CDC Releases Report on Adverse Childhood Experiences (ACEs), Recommends Primary Prevention Approaches
This week, the U.S. Centers for Disease Control and Prevention (CDC) published a report in its Morbidity and Mortality Weekly Report (MMWR) estimating the proportion of adult health problems attributable to adverse childhood experiences (ACEs). The CDC’s Vital Signs report also covers the topic of ACEs and details opportunities for preventing ACEs.
According to the CDC, nearly 16 percent of adults in its study population of 25 states reported four or more types of ACEs, which are significantly associated with poorer health outcomes, health risk behaviors, and socioeconomic challenges. 61 percent of adults had a least one ACE, and females and several racial/ethnic minority groups were at greater risk for experiencing four or more ACEs. Additionally, young adults reported exposure to more ACEs than older adults, particularly those aged 65 and over. According to the CDC, many people do not realize that exposure to ACEs is associated with increased risk for health problems across the lifespan.
The CDC recommends the utilization of primary prevention strategies in curbing ACEs, particularly through the creation of safe, stable, nurturing relationships and environments for all children and families. Other recommended best practices for state and local governments, healthcare providers, employers, and residents include:
- Strengthening economic supports for families (e.g. earned income tax credits, family-friendly work policies);
- Promoting social norms that protect against violence and adversity (e.g. public education campaigns to support parents and positive parenting, bystander approaches to support healthy relationship behaviors);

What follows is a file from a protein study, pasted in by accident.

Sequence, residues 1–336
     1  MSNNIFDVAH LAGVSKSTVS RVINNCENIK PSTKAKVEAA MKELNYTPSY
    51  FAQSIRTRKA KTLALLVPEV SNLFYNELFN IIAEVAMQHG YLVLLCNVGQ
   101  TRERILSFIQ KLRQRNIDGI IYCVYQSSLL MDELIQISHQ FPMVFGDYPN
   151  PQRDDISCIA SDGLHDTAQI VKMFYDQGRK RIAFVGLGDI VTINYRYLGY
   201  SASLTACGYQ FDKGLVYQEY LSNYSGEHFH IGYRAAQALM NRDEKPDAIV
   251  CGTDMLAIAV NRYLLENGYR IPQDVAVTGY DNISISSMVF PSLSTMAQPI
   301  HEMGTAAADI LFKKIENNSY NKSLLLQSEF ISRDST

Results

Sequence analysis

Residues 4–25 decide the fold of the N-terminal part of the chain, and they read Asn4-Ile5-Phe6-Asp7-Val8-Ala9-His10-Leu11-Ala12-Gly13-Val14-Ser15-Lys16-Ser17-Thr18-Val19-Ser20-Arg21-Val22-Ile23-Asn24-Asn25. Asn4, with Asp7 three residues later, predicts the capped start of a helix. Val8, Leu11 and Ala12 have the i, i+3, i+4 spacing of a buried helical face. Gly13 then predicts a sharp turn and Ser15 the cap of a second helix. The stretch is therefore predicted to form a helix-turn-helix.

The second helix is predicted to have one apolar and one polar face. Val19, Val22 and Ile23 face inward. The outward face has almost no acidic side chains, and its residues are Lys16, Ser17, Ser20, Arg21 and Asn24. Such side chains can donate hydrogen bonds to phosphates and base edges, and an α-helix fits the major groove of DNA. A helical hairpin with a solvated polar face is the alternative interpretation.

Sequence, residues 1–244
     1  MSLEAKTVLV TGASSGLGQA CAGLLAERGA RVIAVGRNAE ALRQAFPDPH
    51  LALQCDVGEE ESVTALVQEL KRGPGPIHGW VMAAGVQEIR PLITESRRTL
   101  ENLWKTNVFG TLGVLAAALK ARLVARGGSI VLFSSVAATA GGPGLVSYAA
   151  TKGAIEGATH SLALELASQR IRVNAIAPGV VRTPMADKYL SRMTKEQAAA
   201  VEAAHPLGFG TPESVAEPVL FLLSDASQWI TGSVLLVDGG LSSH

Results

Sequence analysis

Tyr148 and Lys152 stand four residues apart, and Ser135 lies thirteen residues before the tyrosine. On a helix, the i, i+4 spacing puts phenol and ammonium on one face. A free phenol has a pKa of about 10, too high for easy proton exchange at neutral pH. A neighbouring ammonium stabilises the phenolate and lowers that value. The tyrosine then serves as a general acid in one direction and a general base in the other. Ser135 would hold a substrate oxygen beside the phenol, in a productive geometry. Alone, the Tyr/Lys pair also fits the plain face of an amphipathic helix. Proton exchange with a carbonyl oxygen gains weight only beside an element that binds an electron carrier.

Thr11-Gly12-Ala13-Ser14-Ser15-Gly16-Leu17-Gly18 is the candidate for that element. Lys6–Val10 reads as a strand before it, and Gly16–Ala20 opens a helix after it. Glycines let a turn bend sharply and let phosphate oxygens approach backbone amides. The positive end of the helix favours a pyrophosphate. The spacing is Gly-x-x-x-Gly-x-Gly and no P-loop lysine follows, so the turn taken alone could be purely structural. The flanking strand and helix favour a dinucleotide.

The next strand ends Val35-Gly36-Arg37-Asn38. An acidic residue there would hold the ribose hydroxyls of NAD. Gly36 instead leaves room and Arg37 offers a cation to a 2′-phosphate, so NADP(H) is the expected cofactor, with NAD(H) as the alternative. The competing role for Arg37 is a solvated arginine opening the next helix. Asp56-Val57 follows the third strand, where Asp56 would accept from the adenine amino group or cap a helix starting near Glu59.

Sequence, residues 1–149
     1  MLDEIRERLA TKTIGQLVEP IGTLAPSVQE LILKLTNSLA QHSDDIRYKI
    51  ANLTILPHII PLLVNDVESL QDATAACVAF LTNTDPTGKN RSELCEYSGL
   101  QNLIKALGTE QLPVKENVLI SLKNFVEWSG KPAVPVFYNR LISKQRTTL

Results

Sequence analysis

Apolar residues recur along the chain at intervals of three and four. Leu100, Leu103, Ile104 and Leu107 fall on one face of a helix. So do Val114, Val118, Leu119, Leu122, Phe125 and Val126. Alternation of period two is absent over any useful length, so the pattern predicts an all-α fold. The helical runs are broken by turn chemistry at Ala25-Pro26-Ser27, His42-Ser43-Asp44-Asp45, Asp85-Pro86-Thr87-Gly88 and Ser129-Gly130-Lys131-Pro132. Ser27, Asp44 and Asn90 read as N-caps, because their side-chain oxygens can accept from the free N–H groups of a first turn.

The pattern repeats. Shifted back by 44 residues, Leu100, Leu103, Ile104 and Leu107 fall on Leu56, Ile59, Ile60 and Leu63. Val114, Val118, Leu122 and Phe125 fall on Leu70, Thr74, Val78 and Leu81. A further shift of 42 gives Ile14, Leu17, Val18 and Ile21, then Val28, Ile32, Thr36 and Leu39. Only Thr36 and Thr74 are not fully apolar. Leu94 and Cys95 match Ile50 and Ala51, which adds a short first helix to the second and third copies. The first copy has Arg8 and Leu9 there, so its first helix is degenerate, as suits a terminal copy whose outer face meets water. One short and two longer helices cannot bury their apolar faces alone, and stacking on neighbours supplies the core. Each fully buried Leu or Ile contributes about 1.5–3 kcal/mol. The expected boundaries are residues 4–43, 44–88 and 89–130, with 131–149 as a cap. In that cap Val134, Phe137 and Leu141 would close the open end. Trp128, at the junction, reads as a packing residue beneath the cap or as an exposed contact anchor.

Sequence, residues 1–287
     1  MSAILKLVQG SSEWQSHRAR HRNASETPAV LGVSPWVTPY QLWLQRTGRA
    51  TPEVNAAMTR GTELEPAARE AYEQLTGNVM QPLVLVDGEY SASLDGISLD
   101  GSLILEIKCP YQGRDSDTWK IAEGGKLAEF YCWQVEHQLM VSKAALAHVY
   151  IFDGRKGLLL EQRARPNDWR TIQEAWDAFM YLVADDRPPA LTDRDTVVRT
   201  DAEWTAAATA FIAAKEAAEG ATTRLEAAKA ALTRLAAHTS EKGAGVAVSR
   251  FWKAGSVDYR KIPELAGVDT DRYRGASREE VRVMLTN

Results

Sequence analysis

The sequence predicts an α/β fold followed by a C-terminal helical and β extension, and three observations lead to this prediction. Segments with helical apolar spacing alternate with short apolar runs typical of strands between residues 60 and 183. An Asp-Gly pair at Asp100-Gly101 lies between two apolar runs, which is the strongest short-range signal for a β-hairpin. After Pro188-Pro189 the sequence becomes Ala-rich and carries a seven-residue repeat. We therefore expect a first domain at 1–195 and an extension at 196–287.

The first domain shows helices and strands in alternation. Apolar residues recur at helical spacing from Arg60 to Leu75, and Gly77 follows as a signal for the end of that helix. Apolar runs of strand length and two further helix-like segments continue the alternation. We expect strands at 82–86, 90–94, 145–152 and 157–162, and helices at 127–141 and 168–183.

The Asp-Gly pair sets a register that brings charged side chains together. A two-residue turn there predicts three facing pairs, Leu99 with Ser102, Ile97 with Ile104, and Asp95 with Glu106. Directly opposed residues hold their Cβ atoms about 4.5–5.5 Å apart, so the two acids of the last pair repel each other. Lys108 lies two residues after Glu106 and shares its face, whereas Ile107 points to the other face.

- Ensuring a strong start for children (e.g. early childhood home visitation, high quality childcare, preschool enrichment programs);
- Enhancing skills to help parents and youths handle stress, manage emotions, and tackle everyday challenges (e.g. social emotional learning programs, safe dating and healthy relationship skill programs, parenting skill and family relationship approaches);
- Connecting youths to caring adults and activities (e.g. mentoring and after school programs); and
- Intervening to lessen immediate and long-term harms through enhanced primary care to identify and address ACE exposures with screening, referral, and support, victim-centered services, and advancement of trauma-informed care for children, youths, and adults with a history of ACE exposures.
The CDC determines that preventing ACEs through these various strategies could reduce a significant number of health conditions, including up to 21 million cases of depression, up to 1.9 million cases of heart disease, and up to 2.5 million cases of overweight or obesity.